Large file support is available on VxFS filesystems only. By default, the root filesystem is a VxFS filesystem with large files enabled. To check on the status of this support for a filesystem, use the fsadm(ADM) command, as in this example for the root filesystem:
To create a large file aware filesystem, use the -o largefiles option to the mkfs(ADM) command, and specify a blockize of 8192; as in this eaxmple:
mkfs -f vxfs -o largefiles,bsize=8192 /dev/rdsk/c0b0t0d0s4
To add large file support to an existing VxFS file system, use fsadm, as in this eaxmple:
fsadm -f vxfs -o largefiles /myfilesystem
Note that large file support is intended for specialized applications, such as databases. It is not intended for general purpose text files.
For this reason, only a limited set of utilities have been made capable of handle large files (sometimes referred to as being large file aware). Most of these commands are located in /u95/bin, for compatibility reasons: that is, the default versions of these commands (located in /bin, /usr/bin, etc.) must remain the default versions so that legacy applications from earlier releases continue to work properly.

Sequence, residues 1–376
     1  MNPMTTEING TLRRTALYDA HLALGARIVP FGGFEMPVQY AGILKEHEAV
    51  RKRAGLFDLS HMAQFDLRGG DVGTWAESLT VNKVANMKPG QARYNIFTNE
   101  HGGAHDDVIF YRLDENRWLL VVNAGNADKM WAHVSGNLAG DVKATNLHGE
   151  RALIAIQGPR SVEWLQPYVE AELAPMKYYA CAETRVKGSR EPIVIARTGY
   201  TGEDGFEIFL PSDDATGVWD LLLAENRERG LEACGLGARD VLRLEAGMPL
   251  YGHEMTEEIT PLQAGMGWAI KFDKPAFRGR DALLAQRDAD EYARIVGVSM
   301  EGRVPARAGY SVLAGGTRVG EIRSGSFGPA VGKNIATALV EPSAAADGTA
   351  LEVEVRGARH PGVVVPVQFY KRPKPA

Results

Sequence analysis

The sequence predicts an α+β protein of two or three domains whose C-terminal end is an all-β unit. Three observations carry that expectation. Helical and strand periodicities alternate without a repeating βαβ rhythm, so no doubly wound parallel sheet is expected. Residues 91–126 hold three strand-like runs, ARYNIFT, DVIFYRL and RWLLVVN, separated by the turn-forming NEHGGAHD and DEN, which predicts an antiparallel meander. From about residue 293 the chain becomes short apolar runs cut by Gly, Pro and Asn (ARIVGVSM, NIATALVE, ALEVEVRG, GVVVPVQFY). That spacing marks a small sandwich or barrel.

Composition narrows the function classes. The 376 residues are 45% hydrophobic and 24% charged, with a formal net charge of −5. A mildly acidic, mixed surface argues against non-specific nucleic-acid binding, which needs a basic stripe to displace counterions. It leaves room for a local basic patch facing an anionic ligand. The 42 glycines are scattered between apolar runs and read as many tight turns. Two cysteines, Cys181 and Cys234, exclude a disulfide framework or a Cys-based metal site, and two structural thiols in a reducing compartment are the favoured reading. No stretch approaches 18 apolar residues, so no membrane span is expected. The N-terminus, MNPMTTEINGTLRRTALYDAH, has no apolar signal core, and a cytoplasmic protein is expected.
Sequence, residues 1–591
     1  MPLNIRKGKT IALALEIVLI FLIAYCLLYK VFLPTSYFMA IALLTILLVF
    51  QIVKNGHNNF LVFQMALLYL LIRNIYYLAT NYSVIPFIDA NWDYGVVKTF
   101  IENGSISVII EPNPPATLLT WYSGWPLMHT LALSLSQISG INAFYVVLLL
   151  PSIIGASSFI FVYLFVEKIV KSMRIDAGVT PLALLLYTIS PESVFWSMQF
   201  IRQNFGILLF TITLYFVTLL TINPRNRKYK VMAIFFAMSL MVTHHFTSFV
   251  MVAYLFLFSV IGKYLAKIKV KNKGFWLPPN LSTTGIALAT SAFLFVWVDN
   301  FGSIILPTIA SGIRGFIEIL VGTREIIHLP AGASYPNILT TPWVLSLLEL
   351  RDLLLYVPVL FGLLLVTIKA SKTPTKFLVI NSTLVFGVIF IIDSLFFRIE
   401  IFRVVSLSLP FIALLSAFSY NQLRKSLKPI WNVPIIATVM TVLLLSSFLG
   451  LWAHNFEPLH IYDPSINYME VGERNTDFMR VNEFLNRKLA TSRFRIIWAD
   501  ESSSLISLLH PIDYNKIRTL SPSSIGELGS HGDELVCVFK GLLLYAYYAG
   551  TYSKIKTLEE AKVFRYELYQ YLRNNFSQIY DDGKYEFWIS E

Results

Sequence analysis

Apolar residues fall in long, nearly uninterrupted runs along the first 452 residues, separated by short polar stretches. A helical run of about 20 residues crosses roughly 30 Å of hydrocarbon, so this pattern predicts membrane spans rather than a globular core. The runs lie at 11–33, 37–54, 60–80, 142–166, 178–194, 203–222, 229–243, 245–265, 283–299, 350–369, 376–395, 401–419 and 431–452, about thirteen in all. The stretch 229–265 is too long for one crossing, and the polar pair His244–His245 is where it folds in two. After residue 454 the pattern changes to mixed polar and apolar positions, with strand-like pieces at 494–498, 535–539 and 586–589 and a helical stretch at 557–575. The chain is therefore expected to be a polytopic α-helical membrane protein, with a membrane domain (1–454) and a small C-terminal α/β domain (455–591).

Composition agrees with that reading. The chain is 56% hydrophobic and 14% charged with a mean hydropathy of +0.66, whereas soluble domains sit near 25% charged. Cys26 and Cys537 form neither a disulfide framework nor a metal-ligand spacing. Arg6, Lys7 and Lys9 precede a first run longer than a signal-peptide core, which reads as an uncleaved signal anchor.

To access the large file aware commands, we recommend that you do not change your PATH variable, but instead use the full pathname of the large file aware commands instead.
The following set of system utilities are large file aware.
With the exception of ftp and scp,
these large file aware commands are located in /u95/bin.
The most notable omissions from the above list are the various Bourne and Korn shells (/bin/sh, /bin/ksh, /u95/bin/sh, /u95/bin/ksh), which are not large file aware. When running one of these shells, shell redirection cannot be used to create or append to files larger than 2GB.
The bash and zsh shells, however, are capable of manipulating files larger than 2GB via shell redirection.
Note that any process that handles large files needs to set the process file size limit using the ulimit command, as follows:
ulimit -f unlimited